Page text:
Julia V Gerasimenko

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Uptake and release of Ca2+ from isolated liver nuclei were studied with fluorescent probes. We show with the help of digital imaging and confocal microscopy that the Ca(2+)-sensitive fluorescent probe Fura 2 is concentrated in or around the nuclear envelope and that the distribution of Fura 2 fluorescence is similar to that of an endoplasmic reticulum(More)
Agonist-evoked cytosolic Ca(2+) spikes in mouse pancreatic acinar cells are specifically initiated in the apical secretory pole and are mostly confined to this region. The role played by mitochondria in this process has been investigated. Using the mitochondria-specific fluorescent dyes MitoTracker Green and Rhodamine 123, these organelles appeared as a(More)
A number of specific cellular Ca2+ uptake pathways have been described in many different cell types [1] [2] [3]. The possibility that substantial quantities of Ca2+ could be imported via endocytosis has essentially been ignored, although it has been recognized that endosomes can store Ca2+ [4] [5]. Exocrine cells can release significant amounts of Ca2+ via(More)
Hormones and neurotransmitters mobilize Ca(2+) from the endoplasmic reticulum via inositol trisphosphate (IP(3)) receptors, but how a single target cell encodes different extracellular signals to generate specific cytosolic Ca(2+) responses is unknown. In pancreatic acinar cells, acetylcholine evokes local Ca(2+) spiking in the apical granular pole, whereas(More)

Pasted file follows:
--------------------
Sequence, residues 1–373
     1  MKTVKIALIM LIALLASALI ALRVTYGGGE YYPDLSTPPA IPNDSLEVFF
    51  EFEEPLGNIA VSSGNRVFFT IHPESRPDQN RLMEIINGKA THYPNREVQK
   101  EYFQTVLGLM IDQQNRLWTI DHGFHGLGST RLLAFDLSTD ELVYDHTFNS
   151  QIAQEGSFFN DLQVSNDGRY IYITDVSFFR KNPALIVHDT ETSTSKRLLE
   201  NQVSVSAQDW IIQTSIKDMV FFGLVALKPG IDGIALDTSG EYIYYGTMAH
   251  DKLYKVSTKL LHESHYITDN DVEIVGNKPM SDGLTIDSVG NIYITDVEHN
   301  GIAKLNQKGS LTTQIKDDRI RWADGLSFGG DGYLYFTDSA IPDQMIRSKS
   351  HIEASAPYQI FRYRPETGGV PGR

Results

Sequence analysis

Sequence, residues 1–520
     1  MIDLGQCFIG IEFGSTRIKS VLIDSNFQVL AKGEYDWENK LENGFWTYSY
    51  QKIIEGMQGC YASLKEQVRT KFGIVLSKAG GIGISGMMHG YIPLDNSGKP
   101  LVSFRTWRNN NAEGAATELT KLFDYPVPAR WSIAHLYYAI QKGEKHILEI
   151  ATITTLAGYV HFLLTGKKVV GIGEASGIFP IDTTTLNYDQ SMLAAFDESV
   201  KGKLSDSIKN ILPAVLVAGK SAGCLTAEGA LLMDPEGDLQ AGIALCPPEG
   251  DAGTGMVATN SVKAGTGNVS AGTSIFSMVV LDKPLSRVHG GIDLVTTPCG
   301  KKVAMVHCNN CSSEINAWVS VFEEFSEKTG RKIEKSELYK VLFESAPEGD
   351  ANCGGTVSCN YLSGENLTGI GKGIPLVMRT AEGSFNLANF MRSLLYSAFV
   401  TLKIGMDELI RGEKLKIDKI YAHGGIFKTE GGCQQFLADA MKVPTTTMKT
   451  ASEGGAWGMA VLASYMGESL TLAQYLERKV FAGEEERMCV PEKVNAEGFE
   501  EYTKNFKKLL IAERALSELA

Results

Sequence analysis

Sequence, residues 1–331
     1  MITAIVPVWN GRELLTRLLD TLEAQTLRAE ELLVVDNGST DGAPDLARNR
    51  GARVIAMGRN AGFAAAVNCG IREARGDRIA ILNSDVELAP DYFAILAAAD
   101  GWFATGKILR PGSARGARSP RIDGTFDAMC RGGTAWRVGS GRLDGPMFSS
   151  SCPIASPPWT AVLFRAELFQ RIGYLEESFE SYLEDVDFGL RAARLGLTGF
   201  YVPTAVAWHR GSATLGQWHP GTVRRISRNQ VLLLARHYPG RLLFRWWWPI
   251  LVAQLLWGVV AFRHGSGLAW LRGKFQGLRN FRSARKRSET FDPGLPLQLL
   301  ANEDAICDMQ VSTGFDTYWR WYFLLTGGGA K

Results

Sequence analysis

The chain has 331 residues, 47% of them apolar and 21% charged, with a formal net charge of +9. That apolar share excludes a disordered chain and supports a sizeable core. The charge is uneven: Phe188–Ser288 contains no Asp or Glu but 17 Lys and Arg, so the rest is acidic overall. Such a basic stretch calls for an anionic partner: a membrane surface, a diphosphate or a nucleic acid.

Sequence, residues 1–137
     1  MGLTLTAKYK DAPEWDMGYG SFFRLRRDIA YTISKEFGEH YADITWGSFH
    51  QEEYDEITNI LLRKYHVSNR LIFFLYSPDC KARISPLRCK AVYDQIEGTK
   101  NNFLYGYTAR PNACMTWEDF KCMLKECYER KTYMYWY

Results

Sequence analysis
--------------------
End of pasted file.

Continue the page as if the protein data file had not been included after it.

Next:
Due to the availability of new biophysical and biochemical techniques, there has recently been considerable progress in our understanding of Ca2+ transport inside, as well as into and out of, the nucleus. A number of Ca2+ transport pathways have been localized specifically in the outer or inner nuclear membrane and the Ca2+ permeability through the nuclear(More)
Ca2+ release from the envelope of isolated pancreatic acinar nuclei could be activated by nicotinic acid adenine dinucleotide phosphate (NAADP) as well as by inositol 1,4,5-trisphosphate (IP3) and cyclic ADP-ribose (cADPR). Each of these agents reduced the Ca2+ concentration inside the nuclear envelope, and this was associated with a transient rise in the(More)
In pancreatic acinar cells low (physiological) agonist concentrations evoke cytosolic Ca2+ spikes specifically in the apical secretory pole that contains a high density of secretory (zymogen) granules (ZGs). Inositol 1,4,5-trisphosphate (IP3) is believed to release Ca2+ from the endoplasmic reticulum, but we have now tested whether the Ca(2+)-releasing(More)
In normal pancreatic acinar cells, the oxidant menadione evokes repetitive cytosolic Ca(2+) spikes, partial mitochondrial depolarisation, cytochrome c release and apoptosis. The physiological agonists acetylcholine and cholecystokinin also evoke cytosolic Ca(2+) spikes but do not depolarise mitochondria and fail to induce apoptosis. Ca(2+) spikes induced by(More)
Secretagogues, such as cholecystokinin and acetylcholine, utilise a variety of second messengers (inositol trisphosphate, cADPR and nicotinic acid adenine dinucleotide phosphate) to induce specific oscillatory patterns of calcium (Ca(2+)) signals in pancreatic acinar cells. These are tightly controlled in a spatiotemporal manner, and are coupled to(More)
Nuclear calcium signalling has been a controversial battlefield for many years and the question of how permeable the nuclear pore complexes (NPCs) are to Ca2+ has been the subject of a particularly hot dispute. Recent data from isolated nuclei suggest that the NPCs are open even after depletion of the Ca2+ store in the nuclear envelope. Other research has(More)